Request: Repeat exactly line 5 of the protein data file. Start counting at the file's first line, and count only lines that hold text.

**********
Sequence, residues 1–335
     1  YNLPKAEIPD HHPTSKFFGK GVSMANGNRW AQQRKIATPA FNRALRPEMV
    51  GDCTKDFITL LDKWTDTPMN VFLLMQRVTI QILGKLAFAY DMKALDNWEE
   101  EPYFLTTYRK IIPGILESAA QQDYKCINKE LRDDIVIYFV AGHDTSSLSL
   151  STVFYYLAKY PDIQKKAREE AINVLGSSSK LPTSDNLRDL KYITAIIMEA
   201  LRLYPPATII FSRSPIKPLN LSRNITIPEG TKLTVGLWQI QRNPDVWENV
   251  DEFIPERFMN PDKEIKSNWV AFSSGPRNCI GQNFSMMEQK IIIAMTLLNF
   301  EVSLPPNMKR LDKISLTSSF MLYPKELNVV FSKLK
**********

   151  STVFYYLAKY PDIQKKAREE AINVLGSSSK LPTSDNLRDL KYITAIIMEA